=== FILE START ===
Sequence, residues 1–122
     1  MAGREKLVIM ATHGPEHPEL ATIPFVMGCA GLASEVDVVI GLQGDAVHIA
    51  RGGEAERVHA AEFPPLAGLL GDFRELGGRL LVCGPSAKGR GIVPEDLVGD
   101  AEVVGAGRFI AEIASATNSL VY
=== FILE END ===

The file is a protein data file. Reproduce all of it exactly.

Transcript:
Sequence, residues 1–122
     1  MAGREKLVIM ATHGPEHPEL ATIPFVMGCA GLASEVDVVI GLQGDAVHIA
    51  RGGEAERVHA AEFPPLAGLL GDFRELGGRL LVCGPSAKGR GIVPEDLVGD
   101  AEVVGAGRFI AEIASATNSL VY